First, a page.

Lord Chancellor's Department
An important goal of the Government's Web-based initiatives is to open government services up to citizens. The use of Internet tools to make government information and support more accessible to formerly disenfranchised community groups has been particular successful in the work of the Lord Chancellor's Department. The community legal Web site, Just Ask! focuses on clearing away the complexities of administering legal advice by providing an online service that responds simply and directly to the questions people want to put.
Delivery over multiple Web-enabled devices was important if Just Ask! was going to reach the citizens it sought. An intuitive interface operates over a wide range of platforms and channels, including PCs, games consoles, kiosks and interactive TV. Ethnic minorities have traditionally been one of the largest groups excluded from legal services and advice. With its accessibility, there is mounting evidence that Internet-based technologies are providing an important bridge to reach these groups.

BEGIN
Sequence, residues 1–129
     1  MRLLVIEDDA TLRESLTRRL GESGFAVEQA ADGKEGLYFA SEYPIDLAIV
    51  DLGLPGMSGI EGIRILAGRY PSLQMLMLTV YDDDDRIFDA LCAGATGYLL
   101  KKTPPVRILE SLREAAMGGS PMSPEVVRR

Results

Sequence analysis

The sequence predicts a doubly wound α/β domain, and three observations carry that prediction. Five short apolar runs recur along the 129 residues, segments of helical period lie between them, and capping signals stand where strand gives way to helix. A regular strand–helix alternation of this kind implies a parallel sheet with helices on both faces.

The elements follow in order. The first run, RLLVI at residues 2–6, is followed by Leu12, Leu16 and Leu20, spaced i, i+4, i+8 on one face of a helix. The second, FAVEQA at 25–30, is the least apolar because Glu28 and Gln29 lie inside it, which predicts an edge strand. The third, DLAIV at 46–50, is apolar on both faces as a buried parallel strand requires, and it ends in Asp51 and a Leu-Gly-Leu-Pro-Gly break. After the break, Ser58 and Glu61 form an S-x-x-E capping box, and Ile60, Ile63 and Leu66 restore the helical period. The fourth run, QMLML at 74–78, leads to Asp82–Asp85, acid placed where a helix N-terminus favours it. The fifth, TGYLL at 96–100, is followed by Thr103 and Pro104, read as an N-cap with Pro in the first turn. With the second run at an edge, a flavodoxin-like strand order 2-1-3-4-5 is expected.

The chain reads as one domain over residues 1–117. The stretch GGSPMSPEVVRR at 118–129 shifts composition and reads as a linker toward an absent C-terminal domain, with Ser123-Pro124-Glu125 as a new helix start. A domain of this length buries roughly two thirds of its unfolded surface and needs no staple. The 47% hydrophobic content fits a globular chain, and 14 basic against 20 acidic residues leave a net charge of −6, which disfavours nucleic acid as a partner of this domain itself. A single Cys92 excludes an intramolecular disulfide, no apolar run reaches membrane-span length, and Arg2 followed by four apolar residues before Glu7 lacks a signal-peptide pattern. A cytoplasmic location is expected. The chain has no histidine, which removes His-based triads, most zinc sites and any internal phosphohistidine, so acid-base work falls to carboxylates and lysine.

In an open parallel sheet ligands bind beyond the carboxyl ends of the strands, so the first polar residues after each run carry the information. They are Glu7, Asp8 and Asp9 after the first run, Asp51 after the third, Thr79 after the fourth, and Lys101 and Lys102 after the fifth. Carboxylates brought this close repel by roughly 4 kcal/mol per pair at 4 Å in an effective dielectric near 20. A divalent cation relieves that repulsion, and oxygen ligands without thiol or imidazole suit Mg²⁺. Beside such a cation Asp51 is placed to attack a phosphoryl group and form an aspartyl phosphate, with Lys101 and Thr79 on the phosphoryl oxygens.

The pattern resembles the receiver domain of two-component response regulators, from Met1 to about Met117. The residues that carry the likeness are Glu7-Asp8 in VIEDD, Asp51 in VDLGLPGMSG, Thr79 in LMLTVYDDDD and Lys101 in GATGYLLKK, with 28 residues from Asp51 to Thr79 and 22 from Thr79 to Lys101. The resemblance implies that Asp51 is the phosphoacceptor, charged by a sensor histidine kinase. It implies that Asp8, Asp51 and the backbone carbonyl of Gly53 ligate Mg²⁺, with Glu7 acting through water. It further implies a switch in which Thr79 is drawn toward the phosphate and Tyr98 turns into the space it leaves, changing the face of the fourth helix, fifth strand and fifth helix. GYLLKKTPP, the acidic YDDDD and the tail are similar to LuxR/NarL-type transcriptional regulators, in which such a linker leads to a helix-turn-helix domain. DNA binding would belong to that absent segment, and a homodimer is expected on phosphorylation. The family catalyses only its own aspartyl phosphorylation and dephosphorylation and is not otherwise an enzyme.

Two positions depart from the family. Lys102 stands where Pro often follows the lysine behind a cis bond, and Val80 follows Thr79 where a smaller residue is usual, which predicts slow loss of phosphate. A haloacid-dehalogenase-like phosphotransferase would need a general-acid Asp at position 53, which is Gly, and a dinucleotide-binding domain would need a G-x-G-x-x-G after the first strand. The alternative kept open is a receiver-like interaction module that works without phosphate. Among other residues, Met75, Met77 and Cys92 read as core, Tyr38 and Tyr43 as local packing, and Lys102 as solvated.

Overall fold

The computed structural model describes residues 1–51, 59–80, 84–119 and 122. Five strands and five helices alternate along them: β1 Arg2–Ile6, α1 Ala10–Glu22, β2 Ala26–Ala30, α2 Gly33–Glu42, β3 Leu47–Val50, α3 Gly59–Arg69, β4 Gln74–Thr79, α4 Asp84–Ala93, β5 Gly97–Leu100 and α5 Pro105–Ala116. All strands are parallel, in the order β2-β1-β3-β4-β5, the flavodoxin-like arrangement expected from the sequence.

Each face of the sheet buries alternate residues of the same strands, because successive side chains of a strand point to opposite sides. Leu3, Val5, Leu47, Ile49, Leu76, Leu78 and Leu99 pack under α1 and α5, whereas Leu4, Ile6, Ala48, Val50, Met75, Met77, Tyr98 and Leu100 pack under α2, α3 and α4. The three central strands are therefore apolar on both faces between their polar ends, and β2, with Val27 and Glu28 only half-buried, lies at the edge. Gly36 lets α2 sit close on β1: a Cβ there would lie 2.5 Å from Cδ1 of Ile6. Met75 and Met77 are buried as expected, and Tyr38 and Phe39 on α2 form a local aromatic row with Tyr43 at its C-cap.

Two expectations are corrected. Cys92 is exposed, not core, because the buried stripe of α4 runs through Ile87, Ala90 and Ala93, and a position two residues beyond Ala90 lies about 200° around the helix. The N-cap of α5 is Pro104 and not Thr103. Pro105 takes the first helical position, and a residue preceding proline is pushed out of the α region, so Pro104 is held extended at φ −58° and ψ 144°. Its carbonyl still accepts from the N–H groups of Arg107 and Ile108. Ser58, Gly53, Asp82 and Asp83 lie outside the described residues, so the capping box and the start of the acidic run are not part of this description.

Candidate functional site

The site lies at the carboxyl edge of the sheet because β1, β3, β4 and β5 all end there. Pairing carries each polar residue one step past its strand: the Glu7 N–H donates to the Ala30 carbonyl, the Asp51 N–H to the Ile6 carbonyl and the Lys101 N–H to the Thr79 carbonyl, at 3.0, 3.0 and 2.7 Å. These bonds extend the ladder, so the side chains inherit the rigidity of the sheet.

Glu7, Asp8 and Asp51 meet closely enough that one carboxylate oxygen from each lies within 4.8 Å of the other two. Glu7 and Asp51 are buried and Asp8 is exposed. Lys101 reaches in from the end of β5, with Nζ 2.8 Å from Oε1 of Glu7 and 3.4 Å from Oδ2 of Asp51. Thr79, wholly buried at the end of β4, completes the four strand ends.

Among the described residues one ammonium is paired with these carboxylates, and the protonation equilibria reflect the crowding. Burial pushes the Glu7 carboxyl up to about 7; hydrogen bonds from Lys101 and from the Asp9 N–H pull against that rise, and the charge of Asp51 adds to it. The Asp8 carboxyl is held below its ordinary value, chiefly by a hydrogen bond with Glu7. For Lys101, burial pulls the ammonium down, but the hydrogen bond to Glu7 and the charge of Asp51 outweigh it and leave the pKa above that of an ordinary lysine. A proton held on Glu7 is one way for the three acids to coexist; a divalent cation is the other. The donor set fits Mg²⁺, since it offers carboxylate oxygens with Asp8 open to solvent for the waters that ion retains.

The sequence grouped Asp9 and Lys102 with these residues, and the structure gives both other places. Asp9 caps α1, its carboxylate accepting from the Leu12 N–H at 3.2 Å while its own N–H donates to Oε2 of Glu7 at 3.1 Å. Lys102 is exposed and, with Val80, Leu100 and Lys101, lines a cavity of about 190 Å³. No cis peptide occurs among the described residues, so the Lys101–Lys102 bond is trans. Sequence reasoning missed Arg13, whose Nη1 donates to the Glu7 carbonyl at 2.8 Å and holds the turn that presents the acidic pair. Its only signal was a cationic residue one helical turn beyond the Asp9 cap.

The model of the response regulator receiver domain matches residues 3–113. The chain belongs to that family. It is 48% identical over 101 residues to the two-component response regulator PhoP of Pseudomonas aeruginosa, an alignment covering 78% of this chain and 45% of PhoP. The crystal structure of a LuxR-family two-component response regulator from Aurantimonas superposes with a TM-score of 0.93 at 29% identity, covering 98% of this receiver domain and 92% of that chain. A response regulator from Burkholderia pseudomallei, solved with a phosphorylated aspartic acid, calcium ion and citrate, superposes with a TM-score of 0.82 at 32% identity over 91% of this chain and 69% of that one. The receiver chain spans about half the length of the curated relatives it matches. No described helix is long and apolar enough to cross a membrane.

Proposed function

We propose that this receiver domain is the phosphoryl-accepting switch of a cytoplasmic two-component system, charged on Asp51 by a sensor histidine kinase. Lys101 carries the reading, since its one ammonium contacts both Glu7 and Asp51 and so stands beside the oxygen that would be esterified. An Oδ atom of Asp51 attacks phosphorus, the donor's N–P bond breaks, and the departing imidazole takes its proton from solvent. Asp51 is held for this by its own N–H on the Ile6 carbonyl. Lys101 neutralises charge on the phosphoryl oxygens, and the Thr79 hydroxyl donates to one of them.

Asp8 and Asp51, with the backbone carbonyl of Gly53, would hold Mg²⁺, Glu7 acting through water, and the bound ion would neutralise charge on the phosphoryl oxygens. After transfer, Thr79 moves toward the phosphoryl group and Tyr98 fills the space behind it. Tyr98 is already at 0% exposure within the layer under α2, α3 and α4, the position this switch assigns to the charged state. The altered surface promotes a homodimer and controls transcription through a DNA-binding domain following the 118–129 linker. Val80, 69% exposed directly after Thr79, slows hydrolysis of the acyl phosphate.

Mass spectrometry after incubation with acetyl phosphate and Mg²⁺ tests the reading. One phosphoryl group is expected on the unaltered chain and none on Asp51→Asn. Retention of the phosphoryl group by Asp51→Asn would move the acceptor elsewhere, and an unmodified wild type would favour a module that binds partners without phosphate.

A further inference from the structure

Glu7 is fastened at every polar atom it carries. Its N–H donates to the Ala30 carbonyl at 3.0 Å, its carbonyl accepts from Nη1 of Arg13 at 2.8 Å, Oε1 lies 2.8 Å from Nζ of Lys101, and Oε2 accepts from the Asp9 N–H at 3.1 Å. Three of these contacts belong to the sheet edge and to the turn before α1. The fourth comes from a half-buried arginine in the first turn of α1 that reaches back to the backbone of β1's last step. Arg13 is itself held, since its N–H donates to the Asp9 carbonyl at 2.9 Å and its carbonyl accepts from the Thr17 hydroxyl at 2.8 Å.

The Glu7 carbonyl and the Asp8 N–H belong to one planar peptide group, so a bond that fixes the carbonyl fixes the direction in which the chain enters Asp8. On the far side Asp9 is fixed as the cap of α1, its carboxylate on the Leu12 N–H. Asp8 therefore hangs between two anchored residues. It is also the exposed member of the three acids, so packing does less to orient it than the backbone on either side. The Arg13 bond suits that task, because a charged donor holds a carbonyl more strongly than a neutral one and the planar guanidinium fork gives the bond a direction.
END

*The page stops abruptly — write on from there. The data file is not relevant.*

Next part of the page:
The site is available in the seven most commonly-spoken languages in the UK, supporting the claim that it is providing a truly citizen-facing service, with the added benefit to taxpayers that comes from the knock-on effect of reducing unnecessary visits to agencies and the avoidance of some disputes altogether.
To date, Just Ask! is delivering about 1,000 page impressions per day, though there is still a lot of work to be done in making its existence known. An early indication of the success of the site comes from the feedback that the site encourages. At least 50% of users rate it as 'good' or 'very good'.
Just Ask! is a superb site as it makes legal advice universally available. The site's design and navigation makes information easier to find and understand. Its multilingual nature ensures minority groups are not excluded. From a technical standpoint it is a good early adoption of common standards - the Unicode format is used to provide the multilingual feature. It is a good example of an e-government project in that it enables citizens to interact electronically with government.